It's the sign of particularly bad legislation when lawmakers must create dozens of carve-outs and workarounds so that the supposed beneficiaries are exempted from its provisions.
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From SpaceX and Tesla to Uber and Lyft, many of the most successful companies thrived without the government's stamp of approval.
What does this have to do with the pandemic? Nothing.
California Democrats and their labor union allies are embracing anti-democratic principles to thwart the will of the people.
The lawmakers who passed A.B. 5 ignored the many benefits of contractor status.
Victories for Liberty, Property Rights, and Nondiscrimination on Three Major California Ballot Measures
Beneficial outcomes on at least three of four important California ballot measures: racial preferences, rent control, and protecting ride-share businesses and workers.
Californians Vote on Four Ballot Measures with Major Stakes for Liberty, Property Rights, and Justice
These votes could have a big impact on the nation as a whole, as well as California.
The ballot initiative would allow companies such as Uber, Lyft, and DoorDash to classify workers as independent contractors rather than as permanent employees.
State lawmakers want Uber and Lyft to classify their drivers as employees. A majority of drivers disagree.
In a reaction to California's Assembly Bill 5, the Department of Labor's new proposed rule will make it harder for gig workers to be defined as employees
Rideshare drivers and delivery people are still going to have to beg voters to let them work.
In November, California voters will decide on Proposition 22, a measure would carve out a contracting exemption for independent drivers.
Lawmakers and courts are trying to force them to put drivers on their payrolls. They're threatening to take a freeway out of the state entirely.
Cities are imposing "emergency" regulations capping the fees that delivery services like Uber Eats may charge. That's a mistake.
A.B. 5 has caused chaos in the Golden State.
Federal Judge Refuses To Grant Injunction Against California's Gig Economy Law, But Acknowledges 'Likelihood of Irreparable Harm'
Assembly Bill 5 forces many companies to reclassify contractors as employees.
It's crucial to get the constitutional text and history straight.
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California Tried To Fine a Company $10,000 for Ordering Blind People Ubers and Lyfts Without a Permit
GoGo Grandparent gives people without smartphones a way to use rideshare services. Regulators think that's a problem.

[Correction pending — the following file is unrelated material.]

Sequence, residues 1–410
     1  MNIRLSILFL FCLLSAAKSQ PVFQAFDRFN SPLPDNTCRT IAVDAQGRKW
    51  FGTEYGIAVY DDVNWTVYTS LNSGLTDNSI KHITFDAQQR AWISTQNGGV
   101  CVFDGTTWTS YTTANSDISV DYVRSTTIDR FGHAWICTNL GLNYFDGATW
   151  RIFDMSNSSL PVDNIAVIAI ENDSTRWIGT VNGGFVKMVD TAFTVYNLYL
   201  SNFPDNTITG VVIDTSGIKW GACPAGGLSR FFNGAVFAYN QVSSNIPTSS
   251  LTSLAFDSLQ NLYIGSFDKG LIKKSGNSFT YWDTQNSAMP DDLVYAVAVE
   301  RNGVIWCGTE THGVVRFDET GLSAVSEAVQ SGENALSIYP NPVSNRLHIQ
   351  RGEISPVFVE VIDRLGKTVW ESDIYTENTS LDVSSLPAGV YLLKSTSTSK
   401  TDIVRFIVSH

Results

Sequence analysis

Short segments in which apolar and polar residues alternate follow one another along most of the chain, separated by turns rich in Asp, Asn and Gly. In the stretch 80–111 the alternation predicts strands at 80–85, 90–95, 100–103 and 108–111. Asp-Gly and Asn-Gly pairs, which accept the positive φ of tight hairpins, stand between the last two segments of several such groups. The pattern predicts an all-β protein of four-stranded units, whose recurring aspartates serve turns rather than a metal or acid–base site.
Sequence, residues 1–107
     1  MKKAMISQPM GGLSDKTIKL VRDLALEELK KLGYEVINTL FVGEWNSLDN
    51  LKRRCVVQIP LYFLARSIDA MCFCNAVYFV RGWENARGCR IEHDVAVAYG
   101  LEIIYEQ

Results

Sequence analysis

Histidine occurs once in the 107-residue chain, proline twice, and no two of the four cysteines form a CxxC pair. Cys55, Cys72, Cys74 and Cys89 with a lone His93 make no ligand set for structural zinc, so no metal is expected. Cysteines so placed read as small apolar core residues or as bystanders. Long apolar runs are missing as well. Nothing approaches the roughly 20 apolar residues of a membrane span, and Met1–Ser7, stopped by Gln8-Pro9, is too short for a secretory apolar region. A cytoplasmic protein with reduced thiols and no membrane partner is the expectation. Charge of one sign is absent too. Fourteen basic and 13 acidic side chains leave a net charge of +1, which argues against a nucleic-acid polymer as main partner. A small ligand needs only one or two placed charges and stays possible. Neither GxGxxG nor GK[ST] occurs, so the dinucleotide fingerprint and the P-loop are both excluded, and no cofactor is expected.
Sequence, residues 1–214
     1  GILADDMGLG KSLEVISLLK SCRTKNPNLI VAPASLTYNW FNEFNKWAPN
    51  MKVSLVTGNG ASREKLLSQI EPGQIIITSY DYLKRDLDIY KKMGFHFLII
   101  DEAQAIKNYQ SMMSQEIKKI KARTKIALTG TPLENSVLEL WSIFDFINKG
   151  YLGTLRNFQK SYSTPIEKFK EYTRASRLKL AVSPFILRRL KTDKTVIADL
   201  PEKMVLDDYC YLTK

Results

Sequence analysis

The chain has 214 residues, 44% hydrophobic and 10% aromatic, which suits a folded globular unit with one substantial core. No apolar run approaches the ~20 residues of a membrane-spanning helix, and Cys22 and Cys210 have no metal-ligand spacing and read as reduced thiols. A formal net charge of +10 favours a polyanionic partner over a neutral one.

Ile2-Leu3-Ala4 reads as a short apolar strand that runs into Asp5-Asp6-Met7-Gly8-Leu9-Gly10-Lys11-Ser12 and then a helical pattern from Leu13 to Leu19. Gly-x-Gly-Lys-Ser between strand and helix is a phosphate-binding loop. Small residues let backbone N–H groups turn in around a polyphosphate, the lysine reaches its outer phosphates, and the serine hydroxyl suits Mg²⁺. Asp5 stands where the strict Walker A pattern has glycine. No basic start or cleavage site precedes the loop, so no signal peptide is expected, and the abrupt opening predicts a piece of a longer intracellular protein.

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California lawmakers have approved Assembly Bill 5, which poses an existential threat to the gig economy in the state.
The bill would upend the gig economy.
The state is set to pass a sweeping bill that would reclassify drivers as employees.
"A gig is a job and a worker is a worker," Mayor Pete said.
Buttigieg says the best way to move into 21st century is to revive 20th-century unions.
A memo says the drivers are contractors, not employees.
New court documents suggest that the city's rideshare regulations have backfired in a big way
The drivers argued they should be classified as employees, not contractors.
"I just got trapped and wanted to stop someone else from getting trapped," the driver tells a uniformed officer who warns him he could be arrested for interfering with an investigation.
The companies argue that the pay regulations are irrational and anti-competitive.
To Protect Some Cab Drivers, San Francisco Will Stop Other Taxis from Picking Up Customers at the Airport
The rule will prohibit taxis from picking up passengers at the airport unless they purchase a $250,000 permit.
What happens when prices are increased by fiat? They go up, usually, and in this case they may increase traffic congestion, too.
All for me and none for thee.
Other subway systems have managed to maintain or even gain riders since Uber and Lyft launched. Why is the D.C. Metro losing them?
The days of a free market in ride sharing are over in America's largest city.
Yet Another Federal Court Rejects Claims that Exposing Taxis to Competition from Uber and Lyft is a Taking
This is the latest in a series of federal court decision rejecting such arguments. The right to operate a taxi business does not create a "property" right in suppressing competition.
As the New York Subway Melts Down, the City Moves to Cap the Number of Ubers and Lyfts on the Streets
Making the Big Apple less mobile.
After a fatality involving one of its autonomous cars, Uber is replacing 100 of its monitors with 55 technical specialists to improve feedback.
America's paper of record demands an end to transit innovation.
Fewer people are willing to pay a premium to live near a subway stop as public transportation stumbles and ride-sharing offers better options.